Gary Feinberg

2550 South Bayshore

Drive, Suite 106

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Living Within The Landscape


The Brillhart House, one of the most celebrated examples of contemporary, tropical modern architecture, is up for sale for the first time.


The home, which has earned numerous honors, has been featured in the Netflix / BBC series, “The World’s Most Extraordinary Homes”; is listed as one of the top 100 buildings in the United States (Archdaily), and is ranked one of the five best houses in Florida (Dezeen).


Built in 2014, the Brillhart House is located in the center of a 325’ long lot, in the historic neighborhood of Spring Garden. As one of the only remaining single-family neighborhoods in downtown Miami, Spring Garden stands out as an emerald hamlet within the City. The uniqueness of the site (more than the length of a football field) — and its beautiful canopy of tropical foliage — creates the perfect setting for “living within the landscape.”


The two-bedroom, 1500 sf home was designed and built by architects and owners Jacob and Melissa Brillhart of Brillhart Architecture. The design is essentially an elevated glass pavilion (raised more than 5’ off the ground), situated between two verandas that add another 800 square feet of living space. The front porch, with louvered doors — one of the home’s most distinctive features — functions as a true outdoor room. It also provides privacy from the street, offers shade, and captures the cooling southeast trade winds. The interior includes large and flexible living spaces and sliding doors across the front and back that allow the house to be entirely open when desired. Floor-to-ceiling windows spanning the full width of the home in either direction offer expansive views of the landscape beyond, revealing the site’s remarkable depth. With an open, airy feel; tall ceilings; plentiful indoor/outdoor space; and long views of both the front and rear gardens, this private, secluded home is both tropical and spacious.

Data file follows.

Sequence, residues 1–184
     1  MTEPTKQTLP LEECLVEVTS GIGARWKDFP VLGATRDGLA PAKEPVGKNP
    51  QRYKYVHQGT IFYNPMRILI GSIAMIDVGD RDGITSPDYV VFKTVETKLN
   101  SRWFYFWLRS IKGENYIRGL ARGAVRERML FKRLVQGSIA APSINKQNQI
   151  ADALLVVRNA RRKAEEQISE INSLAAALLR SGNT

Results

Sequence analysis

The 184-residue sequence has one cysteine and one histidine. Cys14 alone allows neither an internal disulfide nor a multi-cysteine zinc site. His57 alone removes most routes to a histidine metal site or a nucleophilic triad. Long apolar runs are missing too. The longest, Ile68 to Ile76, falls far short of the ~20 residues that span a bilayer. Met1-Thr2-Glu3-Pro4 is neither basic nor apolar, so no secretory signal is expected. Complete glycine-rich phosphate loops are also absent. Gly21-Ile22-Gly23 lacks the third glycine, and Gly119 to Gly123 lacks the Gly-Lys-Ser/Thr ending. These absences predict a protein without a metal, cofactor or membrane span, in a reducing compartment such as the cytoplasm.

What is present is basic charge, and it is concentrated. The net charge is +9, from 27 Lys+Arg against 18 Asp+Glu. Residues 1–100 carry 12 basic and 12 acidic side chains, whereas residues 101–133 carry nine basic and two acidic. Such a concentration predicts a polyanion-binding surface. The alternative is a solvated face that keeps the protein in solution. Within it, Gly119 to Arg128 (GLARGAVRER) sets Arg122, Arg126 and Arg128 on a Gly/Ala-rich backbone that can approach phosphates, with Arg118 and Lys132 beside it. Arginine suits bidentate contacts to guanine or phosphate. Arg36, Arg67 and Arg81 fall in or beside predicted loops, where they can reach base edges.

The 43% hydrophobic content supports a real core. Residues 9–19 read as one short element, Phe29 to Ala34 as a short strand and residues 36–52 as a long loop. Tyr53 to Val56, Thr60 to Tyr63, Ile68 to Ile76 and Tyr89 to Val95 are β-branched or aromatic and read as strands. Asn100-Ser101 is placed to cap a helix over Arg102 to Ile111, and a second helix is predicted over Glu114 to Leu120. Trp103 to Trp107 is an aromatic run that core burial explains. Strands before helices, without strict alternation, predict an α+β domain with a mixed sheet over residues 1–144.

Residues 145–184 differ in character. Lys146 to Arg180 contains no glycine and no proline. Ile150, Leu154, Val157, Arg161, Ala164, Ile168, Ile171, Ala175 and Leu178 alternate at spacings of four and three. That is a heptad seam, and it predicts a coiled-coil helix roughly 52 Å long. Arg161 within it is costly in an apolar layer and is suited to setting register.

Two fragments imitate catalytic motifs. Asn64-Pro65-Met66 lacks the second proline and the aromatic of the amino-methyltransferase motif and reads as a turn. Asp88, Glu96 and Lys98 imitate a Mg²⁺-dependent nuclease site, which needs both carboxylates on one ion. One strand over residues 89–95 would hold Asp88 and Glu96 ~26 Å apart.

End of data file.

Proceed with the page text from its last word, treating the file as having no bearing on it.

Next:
Conceptually, the design of the house draws upon a rich architectural heritage. In addition to the American glass pavilion, the couple also referenced the Florida vernacular “Dog trot” typology and earlier Florida modern designs. These references, which are steeped in cultural meaning, also offered time-tested environmental solutions for living in the tropics.


Architectural detailing, as well as the more atmospheric aspects of the space, were also painstakingly considered. Stepping up and into the front porch, one can feel a noticeable cooling, while the operable louvered doors cast dramatic and ever-changing shadows into the space. Real American cherry was used for all of the interior millwork to offer a sense of warmth and materiality. The privacy of the site, the quiet nature of the neighborhood, and the simplicity of the design also create a distinctive feeling of tranquility.